I found this glimpse into the family life of the author very interesting. I’m not sure if T.J. Waters has written anything else, but I would be interested to see what his CIA life was life post training.

Mini Book Review of “Blowing My Cover: My Life as a CIA Spy” by Lindsey Moran

blowingmycoverI really enjoy true life, behind the scenes, espionage titles. In most cases, truth is far more incredible than fiction. This title from Lindsey Moran should have checked off all my boxes, but in many ways it left me wanting. Her story was incredible enough; as a CIA Case Worker with an interesting foreign post, her story was intriguing. I especially enjoyed the details she shared concerning her time in training. She also did a good job portraying the melancholy I am sure many CIA Case Workers feel. Unfortunately, despite her service to her country, she almost conveys a sense of regret. She doesn’t seem proud of her career (as I feel she should). It’s hard to explain entirely … I could understand a sense of regret, however, she almost seems remorseful and maybe even spiteful. The author conveys a sense of regret for the sacrifices she made regarding her personal life in favor of her professional one and ultimately (no spoilers here) is faced with a decision.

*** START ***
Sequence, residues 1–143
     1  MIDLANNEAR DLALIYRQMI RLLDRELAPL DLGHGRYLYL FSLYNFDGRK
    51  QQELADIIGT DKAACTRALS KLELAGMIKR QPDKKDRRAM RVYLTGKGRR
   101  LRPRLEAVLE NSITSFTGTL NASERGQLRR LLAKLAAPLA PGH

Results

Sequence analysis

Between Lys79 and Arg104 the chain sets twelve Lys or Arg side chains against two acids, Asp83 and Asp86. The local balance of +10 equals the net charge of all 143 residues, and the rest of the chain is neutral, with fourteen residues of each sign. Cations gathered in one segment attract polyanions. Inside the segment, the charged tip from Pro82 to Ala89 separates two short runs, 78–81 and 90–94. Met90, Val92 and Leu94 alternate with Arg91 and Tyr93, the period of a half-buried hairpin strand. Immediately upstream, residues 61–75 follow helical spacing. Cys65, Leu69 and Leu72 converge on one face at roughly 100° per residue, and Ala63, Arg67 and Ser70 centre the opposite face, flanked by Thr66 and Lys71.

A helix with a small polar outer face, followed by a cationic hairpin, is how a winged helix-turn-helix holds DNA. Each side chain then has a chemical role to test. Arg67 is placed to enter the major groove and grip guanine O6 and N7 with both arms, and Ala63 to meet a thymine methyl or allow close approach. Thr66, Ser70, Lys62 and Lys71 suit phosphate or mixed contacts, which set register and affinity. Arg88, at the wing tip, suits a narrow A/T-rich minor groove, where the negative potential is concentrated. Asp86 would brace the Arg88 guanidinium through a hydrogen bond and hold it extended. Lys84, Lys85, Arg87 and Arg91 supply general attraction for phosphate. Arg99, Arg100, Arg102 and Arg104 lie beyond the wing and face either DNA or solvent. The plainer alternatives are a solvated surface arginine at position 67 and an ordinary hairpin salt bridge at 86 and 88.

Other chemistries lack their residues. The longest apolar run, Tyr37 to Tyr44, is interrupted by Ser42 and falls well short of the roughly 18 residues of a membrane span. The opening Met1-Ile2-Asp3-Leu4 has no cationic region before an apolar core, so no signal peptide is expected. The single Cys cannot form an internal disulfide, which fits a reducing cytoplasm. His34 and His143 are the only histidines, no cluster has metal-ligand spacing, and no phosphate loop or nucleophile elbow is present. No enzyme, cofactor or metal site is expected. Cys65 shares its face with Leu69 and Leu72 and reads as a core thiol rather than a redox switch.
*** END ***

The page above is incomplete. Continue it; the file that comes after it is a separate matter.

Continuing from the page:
While I enjoyed parts of this book, there are much better ones out there.